The financial devastation hitting the airline industry hit home yesterday as US Airways Group Inc., the second-biggest operator at Baltimore-Washington International Airport, said it will cut about 11,000 jobs and trim its flight schedule by 23 percent.
The cuts put the Arlington, Va.-based airline in step with other major carriers taking drastic measures to deal with an estimated $1 billion in industry losses since last week's terrorist attacks. Airline executives and aviation analysts are predicting mass bankruptcies among U.S. airlines unless Congress acts quickly - as is now expected - to provide the industry with cash assistance and loan guarantees.
With jittery passengers canceling bookings and recession-wary corporations cutting back sharply on travel, many analysts are predicting total losses for the year will range from $5 billion to $10 billion or more, ground 500 to 750 planes and put as many as 100,000 airline employees out of work.
Analysts say the effect of a crippled airline industry would ripple through the national economy. But it would especially hurt the Baltimore-Washington area, which is fueled by the region's three major airports - BWI, Reagan National and Dulles.
"The entire U.S. aviation system is in jeopardy, and without decisive actions, the future of the system, along with its impact on the nation's economy, is imperiled," US Airways Chairman Stephen Wolf said in a statement.
The airline provided no details on which workers would be affected by the layoffs, though the cutbacks will undoubtedly be felt at BWI, where US Airways operates 75 mainline jet flights and 74 express carrier flights daily. Even before last week, analysts anticipated that the airline would curtail its operations at BWI as part of a major restructuring plan.
But the pain is being felt industrywide as airline after airline announces layoffs and service cuts of 20 percent or more. American Airlines, the nation's largest carrier, will announce layoffs later this week, a company official said on condition of anonymity. The exact number will depend in part on the size of the expected federal bailout, the official said. Continental Airlines, the fifth-largest carrier, laid off 12,000 employees, more than one-fifth of its work force, over the weekend.
With the bad news piling up, Wall Street hammered the airline stocks as trading resumed yesterday for the first time since Tuesday's attacks. US Airways, which announced its layoffs after the close, fell $6.05, or 52 percent, to $5.57. Shares of AMR Corp., the parent of American, plummeted $11.70, or 39 percent, to $18.00.Shares of UAL Corp., which owns United, dropped $13.32, or 43 percent, to $17.50. Delta Air Lines plunged $16.61, or 45 percent, to $20.64 a share.
"The stock market is valuing all airline stocks at pretty much liquidation value," said Darryl Jenkins, director of the Aviation Institute at George Washington University.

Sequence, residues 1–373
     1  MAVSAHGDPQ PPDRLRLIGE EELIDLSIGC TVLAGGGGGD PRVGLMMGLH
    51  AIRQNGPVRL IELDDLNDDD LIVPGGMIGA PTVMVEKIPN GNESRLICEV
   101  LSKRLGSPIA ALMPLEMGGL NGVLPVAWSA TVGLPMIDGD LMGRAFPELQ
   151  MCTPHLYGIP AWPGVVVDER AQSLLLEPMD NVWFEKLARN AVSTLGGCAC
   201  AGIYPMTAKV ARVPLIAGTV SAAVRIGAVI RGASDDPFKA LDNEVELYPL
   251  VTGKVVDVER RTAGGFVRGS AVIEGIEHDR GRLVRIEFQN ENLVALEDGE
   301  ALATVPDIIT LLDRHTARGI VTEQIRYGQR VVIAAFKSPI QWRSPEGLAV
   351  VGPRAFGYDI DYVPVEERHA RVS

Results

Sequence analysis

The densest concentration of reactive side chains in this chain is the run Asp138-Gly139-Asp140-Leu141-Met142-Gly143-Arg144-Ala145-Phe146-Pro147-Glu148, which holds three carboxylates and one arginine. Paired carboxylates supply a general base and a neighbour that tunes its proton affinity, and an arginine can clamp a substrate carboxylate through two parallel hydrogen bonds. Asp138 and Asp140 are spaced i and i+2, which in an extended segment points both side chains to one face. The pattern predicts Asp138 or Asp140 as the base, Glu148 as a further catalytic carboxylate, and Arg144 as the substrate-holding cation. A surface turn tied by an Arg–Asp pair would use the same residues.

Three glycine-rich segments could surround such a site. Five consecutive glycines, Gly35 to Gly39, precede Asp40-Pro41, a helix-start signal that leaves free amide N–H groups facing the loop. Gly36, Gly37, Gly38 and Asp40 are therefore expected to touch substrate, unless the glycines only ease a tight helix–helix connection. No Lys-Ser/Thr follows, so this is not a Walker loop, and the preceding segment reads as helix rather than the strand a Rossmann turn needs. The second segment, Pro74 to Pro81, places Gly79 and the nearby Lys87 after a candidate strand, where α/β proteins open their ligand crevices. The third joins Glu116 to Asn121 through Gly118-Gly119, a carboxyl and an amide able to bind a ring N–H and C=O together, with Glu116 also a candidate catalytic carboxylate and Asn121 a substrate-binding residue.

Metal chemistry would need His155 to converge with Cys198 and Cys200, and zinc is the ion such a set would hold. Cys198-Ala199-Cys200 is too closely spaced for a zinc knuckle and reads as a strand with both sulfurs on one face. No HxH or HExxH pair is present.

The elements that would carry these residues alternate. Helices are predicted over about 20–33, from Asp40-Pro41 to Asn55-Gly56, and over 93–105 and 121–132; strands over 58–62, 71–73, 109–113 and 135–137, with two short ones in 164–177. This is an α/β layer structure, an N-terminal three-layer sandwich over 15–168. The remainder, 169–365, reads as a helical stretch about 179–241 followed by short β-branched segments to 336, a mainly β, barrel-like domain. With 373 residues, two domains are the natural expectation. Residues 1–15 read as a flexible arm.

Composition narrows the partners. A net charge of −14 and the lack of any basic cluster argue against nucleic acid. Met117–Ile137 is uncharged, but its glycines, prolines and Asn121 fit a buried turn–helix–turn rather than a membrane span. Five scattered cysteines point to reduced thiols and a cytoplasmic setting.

US Airways, which already has a negative net worth of $1.8 billion and has zero borrowing capacity left, is among the most endangered of the nation's top 10 airlines, Jenkins said. The airline has been especially hard hit in the past week by the closing of Reagan National, where it is the dominant carrier. National is home to some of the airline's most lucrative routes, but it remains closed indefinitely because of concerns about its proximity to the White House, Capitol and Pentagon.
Other airlines on Jenkins' critical list are Continental, Northwest Airlines, America West and AirTran. All five airlines could file for bankruptcy protection within 30 to 60 days without some assistance, he said. The nation's three largest airlines - American, United and Delta - could follow suit within 60 days.
Regional carrier Midway Airlines, which was already under bankruptcy protection, ceased operations the day after the terror attacks, resulting in 1,700 lost jobs.
The one bright spot for BWI is that budget carrier Southwest Airlines, the No. 1 operator at the airport, remains among the healthiest of the major carriers. In theory, the airline could use its huge cash reserves to purchase rivals at fire-sale prices in coming months. But even Southwest will be impaired in its ability to grow, Jenkins said.
Analysts say part of the problem facing the rest of the industry is that airlines are a highly leveraged business, carrying about $26 billion in debt with current cash reserves estimated to be about $9.4 billion. That leaves little margin for a disaster on the level experienced last week. Even before the attacks, the airline industry was expected to lose about $3.5 billion this year as a result of the economic slowdown. Similar airline recessions have historically led to some bankruptcies, which Jenkins and others expect to see even if Congress moves to bail out the industry.